On Thursday, the Chancellor unveiled his fourth round of policy measures to boost the economy during the Coronavirus crisis. He announced what he called a coherent, coordinated and comprehensive scheme for the self-employed. This positive approach from the Chancellor, and the speed of the Government’s response, is worthy of congratulations. Yet inevitably, in this fast-moving crisis, there remain some areas to iron out, largely linked to the policies’ likely execution and administration. The biggest challenge is the delay, as the measures unveiled will take a couple of months to implement, and the strain that this may place on those self-employed who do not have access to income during this time.

Clean Brexit

With a foreword by former Chancellor of the Exchequer Nigel Lawson, and a postscript by former Foreign Secretary David Owen, this major contribution to the public debate sets out proposals for a ‘Clean Brexit’. It is written by Policy Exchange’s Chief Economic Advisor, Dr Gerard Lyons, and leading Telegraph economics commentator, Liam Halligan

Related Blogs

Ministers have an opportunity to cut taxes, drive supply side reform – and help reduce the cost of living

“My Government’s priority is to grow and strengthen the economy and help ease the cost of living for families.” These opening two lines of the Queen’s Speech provided a powerful message. Further action is needed to address the cost of living crisis. Also, those affected are not just families, but the vast bulk of households that are being squeezed. If the Government doesn’t appreciate this, then it may have its work cut […]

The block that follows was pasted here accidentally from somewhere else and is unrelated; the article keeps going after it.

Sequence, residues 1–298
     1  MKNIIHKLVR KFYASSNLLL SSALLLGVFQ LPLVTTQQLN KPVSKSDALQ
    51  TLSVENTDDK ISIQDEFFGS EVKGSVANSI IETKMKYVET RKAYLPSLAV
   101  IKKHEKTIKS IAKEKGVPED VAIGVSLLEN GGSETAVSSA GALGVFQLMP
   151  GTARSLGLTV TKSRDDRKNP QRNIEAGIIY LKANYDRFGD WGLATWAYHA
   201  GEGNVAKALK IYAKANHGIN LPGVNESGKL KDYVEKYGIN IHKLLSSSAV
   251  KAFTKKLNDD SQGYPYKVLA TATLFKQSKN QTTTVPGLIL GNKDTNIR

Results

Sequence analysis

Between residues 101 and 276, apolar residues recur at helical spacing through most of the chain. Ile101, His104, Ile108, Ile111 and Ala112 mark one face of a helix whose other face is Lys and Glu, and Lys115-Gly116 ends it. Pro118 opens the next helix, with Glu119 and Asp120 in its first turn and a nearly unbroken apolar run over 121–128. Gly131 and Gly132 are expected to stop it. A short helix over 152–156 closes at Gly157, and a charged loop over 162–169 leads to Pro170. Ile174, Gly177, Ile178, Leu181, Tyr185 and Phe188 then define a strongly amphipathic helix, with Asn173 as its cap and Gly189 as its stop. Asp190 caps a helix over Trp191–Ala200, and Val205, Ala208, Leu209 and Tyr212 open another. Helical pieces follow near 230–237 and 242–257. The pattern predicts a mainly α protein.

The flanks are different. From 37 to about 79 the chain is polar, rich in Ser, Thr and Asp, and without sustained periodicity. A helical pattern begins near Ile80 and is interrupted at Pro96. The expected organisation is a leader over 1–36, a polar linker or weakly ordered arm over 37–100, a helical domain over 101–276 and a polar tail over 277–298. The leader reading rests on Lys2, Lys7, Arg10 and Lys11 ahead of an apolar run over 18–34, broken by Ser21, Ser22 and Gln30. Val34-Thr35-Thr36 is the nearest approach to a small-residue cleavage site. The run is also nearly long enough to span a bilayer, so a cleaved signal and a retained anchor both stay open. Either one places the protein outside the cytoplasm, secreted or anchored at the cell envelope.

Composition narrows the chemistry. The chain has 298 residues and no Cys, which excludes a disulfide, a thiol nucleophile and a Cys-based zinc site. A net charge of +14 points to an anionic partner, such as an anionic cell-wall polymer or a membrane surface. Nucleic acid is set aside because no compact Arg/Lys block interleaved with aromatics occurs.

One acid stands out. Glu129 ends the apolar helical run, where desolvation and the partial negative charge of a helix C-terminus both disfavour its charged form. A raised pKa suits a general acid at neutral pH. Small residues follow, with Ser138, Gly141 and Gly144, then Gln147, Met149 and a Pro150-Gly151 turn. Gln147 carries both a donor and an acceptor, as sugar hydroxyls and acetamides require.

How the Bank of England has failed to control inflation. And what should be done to reform it.

To the relief of the French and European establishment, Emmanuel Macron’s re-election makes him the first two-term French President in 20 years since Jacques Chirac. However, the 17-point margin of his victory over Marine Le Pen does not tell the whole story. Voter turnout was the lowest in a presidential run-off since 1969 and Le Pen increased her vote tally from 10.6 million in the second round in 2017 to […]